Once the scan is over, the antivirus will tell you if you’re safe or if something needs removing. Choose to remove any threats that it finds to protect your phone.
Removing Malware Manually
If there’s a particularly suspicious app on your phone that you think might be causing the issue, and you want to uninstall it yourself, then you can use this method to remove it manually. You can also get rid of apps you don’t remember downloading or anything that doesn’t appear in the app drawer this way.
Although it isn’t always necessary, it’s a good practice to put your phone into safe mode first and check that the malware isn’t a device admin app. These two steps are really easy to do but can vary between phones, so be sure to look up the specifics for your device if this method doesn’t work.
- Reboot to Safe Mode
Hold the power button to turn off your phone. Then hold the power button and the volume down button at the same time to put the phone in safe mode. You’ll know you’ve entered it correctly when it says “safe mode” at the bottom-left corner of your screen.
- Remove the Threat’s Privileges
In case the malware has made itself a device admin to prevent it from being uninstalled, go to “device administrators” inside your security settings. Here you can deactivate any device admin apps, including any malware that has these permissions.
- Go Into Your App Settings
Still in your “settings,” select “apps” to get into your app settings.
- Find the Suspicious App
In the “apps” section of the app settings menu, there’s a list of all of your apps. You’ll be able to find the malicious software here.
- Remove the Malware
Tap on the app you want to uninstall and select “uninstall” to remove it.
- Restart Your Phone
A quick restart will exit safe mode and restore your phone to normal but without the malicious app.
Types of Android Malware
Although traditional self-replicating viruses are rare on Android phones, that’s only one type of malware. Instead, phones tend to be affected by one of three types of malware: adware, spyware or ransomware, each having different implications for you and your device.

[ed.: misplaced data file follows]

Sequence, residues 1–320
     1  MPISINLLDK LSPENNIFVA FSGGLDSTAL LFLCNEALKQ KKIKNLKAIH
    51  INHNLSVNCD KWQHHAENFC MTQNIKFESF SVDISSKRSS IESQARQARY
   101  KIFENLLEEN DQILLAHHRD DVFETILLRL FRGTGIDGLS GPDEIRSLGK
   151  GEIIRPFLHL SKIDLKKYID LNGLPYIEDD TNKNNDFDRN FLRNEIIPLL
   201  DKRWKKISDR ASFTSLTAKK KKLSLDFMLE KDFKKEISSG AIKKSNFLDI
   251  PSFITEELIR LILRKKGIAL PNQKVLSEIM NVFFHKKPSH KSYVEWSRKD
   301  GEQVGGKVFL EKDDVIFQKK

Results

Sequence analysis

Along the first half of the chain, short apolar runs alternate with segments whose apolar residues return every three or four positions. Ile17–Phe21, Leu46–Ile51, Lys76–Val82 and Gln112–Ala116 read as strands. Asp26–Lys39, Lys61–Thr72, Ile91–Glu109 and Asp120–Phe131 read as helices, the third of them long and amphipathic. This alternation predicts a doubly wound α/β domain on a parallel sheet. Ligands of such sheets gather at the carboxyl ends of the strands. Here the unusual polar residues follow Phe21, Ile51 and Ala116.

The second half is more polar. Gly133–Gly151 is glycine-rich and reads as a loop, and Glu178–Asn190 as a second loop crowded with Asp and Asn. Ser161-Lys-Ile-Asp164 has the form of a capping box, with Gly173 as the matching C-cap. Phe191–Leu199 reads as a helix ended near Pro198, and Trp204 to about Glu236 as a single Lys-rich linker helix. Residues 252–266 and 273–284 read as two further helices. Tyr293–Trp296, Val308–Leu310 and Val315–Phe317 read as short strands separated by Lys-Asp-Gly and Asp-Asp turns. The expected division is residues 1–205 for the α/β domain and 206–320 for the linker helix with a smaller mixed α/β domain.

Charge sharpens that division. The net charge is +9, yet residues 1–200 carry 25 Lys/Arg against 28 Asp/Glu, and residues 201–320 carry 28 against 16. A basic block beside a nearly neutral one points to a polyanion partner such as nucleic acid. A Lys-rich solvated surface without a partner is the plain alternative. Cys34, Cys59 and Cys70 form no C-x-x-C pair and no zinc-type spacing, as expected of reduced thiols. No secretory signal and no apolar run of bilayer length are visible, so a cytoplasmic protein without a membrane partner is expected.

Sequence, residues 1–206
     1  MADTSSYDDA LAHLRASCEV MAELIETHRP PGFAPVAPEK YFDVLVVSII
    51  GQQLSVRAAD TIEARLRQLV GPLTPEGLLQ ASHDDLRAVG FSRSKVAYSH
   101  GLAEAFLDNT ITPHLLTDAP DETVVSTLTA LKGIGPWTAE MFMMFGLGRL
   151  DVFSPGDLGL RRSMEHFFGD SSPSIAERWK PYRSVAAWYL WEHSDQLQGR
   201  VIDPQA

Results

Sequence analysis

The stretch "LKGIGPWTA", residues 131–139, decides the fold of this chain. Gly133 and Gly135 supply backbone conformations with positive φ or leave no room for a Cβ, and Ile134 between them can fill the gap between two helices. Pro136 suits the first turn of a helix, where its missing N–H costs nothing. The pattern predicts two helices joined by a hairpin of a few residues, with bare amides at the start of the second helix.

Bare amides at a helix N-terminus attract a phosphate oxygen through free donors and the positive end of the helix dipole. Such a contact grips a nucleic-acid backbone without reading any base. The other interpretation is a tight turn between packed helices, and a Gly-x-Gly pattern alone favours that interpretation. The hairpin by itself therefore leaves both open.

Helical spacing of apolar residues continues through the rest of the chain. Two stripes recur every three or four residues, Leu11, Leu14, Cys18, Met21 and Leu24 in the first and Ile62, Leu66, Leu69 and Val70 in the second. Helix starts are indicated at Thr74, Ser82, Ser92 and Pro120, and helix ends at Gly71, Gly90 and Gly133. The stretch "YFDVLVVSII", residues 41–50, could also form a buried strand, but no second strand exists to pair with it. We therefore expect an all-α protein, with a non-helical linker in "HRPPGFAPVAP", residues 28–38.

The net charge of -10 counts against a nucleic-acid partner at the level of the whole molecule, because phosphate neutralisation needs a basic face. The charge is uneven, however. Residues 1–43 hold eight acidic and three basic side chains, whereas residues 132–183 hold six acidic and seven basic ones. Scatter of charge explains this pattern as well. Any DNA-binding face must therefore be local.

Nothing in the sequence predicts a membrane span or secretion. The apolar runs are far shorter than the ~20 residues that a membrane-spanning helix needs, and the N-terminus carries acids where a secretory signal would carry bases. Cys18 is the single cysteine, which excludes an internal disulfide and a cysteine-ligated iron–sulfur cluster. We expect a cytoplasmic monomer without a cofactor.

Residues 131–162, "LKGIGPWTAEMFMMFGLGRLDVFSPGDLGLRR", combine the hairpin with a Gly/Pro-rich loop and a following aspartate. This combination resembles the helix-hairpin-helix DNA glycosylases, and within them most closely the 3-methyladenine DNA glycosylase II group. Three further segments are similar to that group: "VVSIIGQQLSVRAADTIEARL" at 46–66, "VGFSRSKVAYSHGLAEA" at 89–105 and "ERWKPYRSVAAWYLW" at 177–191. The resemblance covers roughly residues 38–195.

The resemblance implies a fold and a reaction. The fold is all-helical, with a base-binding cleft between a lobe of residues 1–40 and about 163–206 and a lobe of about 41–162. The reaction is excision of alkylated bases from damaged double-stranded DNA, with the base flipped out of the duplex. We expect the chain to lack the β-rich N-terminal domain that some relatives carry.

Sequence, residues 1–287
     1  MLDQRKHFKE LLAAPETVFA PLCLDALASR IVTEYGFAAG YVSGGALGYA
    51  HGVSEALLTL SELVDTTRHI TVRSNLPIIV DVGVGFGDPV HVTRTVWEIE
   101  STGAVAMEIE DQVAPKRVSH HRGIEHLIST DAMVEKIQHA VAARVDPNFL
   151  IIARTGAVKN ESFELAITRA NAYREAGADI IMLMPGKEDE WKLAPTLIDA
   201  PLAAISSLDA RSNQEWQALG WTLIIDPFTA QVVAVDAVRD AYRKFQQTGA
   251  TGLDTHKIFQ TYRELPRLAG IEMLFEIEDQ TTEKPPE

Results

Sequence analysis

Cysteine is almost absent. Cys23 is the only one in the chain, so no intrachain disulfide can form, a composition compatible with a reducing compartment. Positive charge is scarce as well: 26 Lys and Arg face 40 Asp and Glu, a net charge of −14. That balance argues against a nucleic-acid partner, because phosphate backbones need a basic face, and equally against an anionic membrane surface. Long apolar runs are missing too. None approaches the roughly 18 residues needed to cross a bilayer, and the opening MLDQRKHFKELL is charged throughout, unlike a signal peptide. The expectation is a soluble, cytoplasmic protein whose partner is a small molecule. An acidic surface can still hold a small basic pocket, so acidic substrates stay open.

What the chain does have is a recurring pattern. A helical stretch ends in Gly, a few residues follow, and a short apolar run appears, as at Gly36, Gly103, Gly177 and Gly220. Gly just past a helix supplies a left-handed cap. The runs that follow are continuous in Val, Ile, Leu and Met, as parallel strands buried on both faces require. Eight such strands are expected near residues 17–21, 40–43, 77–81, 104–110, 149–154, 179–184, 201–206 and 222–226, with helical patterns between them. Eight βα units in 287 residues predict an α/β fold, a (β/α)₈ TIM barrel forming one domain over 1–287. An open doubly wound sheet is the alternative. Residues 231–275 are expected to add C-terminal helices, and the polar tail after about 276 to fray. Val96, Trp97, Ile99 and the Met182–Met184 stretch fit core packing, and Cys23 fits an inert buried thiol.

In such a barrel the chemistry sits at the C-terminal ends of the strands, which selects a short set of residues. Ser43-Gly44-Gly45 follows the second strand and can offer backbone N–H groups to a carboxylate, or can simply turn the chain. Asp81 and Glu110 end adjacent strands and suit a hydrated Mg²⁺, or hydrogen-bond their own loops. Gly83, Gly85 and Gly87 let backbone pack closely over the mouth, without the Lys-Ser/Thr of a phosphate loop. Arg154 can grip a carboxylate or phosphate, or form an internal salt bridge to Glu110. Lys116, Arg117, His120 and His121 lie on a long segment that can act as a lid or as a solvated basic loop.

Adware: is a kind of malware that shows you advertisements. It normally comes attached to an app that looks innocent, and once downloaded, will start showing you lots of unwanted ads. The criminal behind the adware makes money whenever it shows an ad. This can be annoying if the ads get in the way, but the bigger problem is that sometimes adware is also spyware.
Spyware: is a more malicious kind of malware that steals your information and sends it back to the criminals. It can steal everything from your SMS messages and photos to credit card details and account passwords. To make things even worse, spyware can often hide in the background, as it doesn’t always need to show the user anything to work.
Ransomware: on the other hand, is normally discovered immediately, as it encrypts all of your data. Once encrypted, you can only get the key if you meet the criminal’s demands, usually some kind of payment. This can make your phone completely unusable and, therefore, impossible to save, so ransomware protection is your only option.